Curry has presented compelling evidence that his Twitter posts do not constitute harassment, as they serve "a legitimate purpose." Curry uses his opposition to argue the merits of Principe's defamation claim. He argues that Principe "has published magazines promoting OneCoin" and "has allowed himself to be used in promotional videos used by OneCoin to lure people in to [sic] investing." Curry is concerned that "OneCoin has defrauded and harmed people worldwide out of their money" and alleges that it is the "subject of worldwide police investigations." He describes his Tweets and messages as part of his "civic duty to continue reporting on OneCoin news-related developments." Without deciding the truth of the underlying content of Curry's Tweets, the Court is persuaded that his intentions to inform the public about OneCoin and to encourage investigation into its practices likely constitutes a legitimate purpose. The Court therefore cannot conclude that Principe is likely to succeed on the merits to show that the Curry's conduct has no legitimate purpose….
Principe argues that the injunction he seeks would not prevent Curry from tweeting about OneCoin, just about him. Curry asserts that his purpose in including Principe in his Tweets is that Principe is a promoter of OneCoin. Without deciding whether Principe actually promotes or is associated with OneCoin, the Court finds that Curry has a potentially meritorious argument that his purpose in tweeting about Principe as Principe relates to OneCoin is legitimate.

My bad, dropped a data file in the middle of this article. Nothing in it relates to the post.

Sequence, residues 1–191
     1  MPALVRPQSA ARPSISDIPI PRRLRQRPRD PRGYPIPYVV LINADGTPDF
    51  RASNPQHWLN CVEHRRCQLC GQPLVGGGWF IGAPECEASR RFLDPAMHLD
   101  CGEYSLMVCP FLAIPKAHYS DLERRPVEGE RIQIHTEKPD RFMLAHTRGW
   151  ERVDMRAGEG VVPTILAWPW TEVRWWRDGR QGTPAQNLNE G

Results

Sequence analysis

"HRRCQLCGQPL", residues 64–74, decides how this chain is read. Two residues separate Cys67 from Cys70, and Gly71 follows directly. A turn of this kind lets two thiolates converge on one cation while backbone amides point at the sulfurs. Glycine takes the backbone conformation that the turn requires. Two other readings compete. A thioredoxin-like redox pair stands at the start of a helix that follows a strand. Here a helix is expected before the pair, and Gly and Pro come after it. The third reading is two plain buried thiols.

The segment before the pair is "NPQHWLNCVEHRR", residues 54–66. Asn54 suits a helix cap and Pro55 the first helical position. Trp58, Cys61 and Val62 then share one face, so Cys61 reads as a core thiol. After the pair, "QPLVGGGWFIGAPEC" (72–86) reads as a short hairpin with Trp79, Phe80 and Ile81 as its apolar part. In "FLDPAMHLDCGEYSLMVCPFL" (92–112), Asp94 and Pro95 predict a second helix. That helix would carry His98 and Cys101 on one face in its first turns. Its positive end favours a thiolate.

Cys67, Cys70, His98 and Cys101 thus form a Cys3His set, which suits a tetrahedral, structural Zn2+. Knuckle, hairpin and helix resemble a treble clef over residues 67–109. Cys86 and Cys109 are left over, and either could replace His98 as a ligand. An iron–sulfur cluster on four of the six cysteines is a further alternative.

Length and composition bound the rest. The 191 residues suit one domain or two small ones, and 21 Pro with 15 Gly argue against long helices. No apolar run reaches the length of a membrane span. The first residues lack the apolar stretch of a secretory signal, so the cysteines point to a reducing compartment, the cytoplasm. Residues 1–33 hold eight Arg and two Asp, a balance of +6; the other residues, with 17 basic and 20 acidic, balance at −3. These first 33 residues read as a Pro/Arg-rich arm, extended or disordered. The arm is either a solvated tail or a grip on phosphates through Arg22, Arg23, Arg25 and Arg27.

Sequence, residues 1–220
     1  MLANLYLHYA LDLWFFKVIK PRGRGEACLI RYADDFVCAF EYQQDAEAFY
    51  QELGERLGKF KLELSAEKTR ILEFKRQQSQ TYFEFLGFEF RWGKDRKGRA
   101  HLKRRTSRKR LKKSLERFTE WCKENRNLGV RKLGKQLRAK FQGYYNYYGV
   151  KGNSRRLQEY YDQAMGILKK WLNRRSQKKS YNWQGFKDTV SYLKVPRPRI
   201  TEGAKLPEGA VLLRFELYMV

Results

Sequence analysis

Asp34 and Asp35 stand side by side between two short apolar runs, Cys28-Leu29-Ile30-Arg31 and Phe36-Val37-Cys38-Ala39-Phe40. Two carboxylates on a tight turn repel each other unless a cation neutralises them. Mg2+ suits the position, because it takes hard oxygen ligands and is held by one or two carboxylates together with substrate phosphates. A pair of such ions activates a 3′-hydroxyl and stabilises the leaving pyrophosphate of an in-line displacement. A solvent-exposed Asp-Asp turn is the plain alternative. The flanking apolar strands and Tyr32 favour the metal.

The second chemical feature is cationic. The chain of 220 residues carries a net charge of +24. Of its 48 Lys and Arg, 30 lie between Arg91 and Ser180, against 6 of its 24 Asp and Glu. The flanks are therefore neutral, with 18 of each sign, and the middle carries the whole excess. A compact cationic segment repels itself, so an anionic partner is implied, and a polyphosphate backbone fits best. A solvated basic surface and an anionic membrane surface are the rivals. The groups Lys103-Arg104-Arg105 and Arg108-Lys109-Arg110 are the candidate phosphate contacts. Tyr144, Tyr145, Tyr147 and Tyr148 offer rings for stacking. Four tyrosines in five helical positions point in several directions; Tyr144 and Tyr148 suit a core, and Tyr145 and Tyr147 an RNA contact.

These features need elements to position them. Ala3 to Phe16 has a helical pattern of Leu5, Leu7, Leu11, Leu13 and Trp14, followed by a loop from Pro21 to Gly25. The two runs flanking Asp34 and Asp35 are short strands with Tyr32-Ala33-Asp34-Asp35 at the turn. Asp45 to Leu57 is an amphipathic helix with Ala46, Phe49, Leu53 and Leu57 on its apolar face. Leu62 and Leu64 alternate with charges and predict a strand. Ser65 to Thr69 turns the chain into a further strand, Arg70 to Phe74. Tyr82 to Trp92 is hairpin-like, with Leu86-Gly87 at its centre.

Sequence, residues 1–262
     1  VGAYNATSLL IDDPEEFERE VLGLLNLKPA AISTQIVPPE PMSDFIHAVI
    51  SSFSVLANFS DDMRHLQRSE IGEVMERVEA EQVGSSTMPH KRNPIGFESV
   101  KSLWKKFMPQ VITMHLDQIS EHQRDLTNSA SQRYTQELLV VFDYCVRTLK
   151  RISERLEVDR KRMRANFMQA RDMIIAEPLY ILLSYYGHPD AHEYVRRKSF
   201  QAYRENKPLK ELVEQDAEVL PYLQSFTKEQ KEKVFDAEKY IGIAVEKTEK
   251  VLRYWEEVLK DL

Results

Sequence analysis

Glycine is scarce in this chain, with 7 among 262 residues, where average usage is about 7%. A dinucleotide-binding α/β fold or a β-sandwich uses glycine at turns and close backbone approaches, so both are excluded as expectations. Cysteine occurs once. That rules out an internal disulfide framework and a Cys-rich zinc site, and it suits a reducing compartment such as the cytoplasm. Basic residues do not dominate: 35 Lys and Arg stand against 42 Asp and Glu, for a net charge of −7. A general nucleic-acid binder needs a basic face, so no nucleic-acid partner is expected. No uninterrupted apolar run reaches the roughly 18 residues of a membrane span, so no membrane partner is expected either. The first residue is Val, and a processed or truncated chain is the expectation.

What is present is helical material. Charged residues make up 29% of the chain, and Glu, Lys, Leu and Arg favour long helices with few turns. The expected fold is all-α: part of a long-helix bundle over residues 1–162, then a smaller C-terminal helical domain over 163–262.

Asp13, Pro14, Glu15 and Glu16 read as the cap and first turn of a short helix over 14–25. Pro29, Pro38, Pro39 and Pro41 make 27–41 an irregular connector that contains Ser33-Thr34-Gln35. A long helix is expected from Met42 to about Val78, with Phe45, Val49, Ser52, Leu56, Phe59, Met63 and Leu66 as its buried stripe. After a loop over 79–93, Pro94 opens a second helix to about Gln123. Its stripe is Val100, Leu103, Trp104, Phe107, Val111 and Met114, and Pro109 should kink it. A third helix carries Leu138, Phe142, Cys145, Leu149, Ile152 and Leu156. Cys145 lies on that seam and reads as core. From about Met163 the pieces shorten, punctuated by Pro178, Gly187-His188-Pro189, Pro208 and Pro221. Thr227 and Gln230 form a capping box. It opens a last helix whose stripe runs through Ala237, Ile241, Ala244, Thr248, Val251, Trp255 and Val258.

A plaintiff must also show that the complained-of course of conduct would cause a reasonable person to experience substantial emotional distress. At least one California court has imported the definition of "substantial" emotional distress from the context of the tort of intentional infliction of emotional distress, where it is defined as "highly unpleasant mental suffering or anguish … which entails such intense, enduring, and nontrivial emotional distress that 'no reasonable [person] in a civilized society should be expected to endure it.' " The Court appreciates that a reasonable person might experience some emotional distress at the prospect of a stranger on the Internet accusing them of criminal fraud. The Court is skeptical, however, that a reasonable person who experienced this sort of contact via these channels would experience substantial emotional distress.
Moreover, a reasonable person would take some action to prevent himself from receiving the messages, such as blocking their sender. This is particularly relevant in this case, as Principe is complaining about a single account user on various social media entities. Further, there are no threats of violence or allusions made to future physical confrontations: the entire course of conduct consists of social media contact. The Court has not found any authority to suggest that social media contact of this nature, alone, would cause a reasonable person to experience "substantial" emotional distress….
Principe argues that … [under the proposed injunction,] Curry would "simply be prevented from inflicting … harm" on him but would "still be able to express his personal views in a non-harassing, professional manner." But Principe has not established a likelihood of success in establishing that Curry's behavior is, indeed, harassment.
It is not appropriate—and indeed would violate the First Amendment—for the Court to engage in tone-policing in this manner. In short, if Curry's speech is not harassment, then it is protected by the Constitution and the injunction would be an impermissible prior restraint….
The parties eventually settled.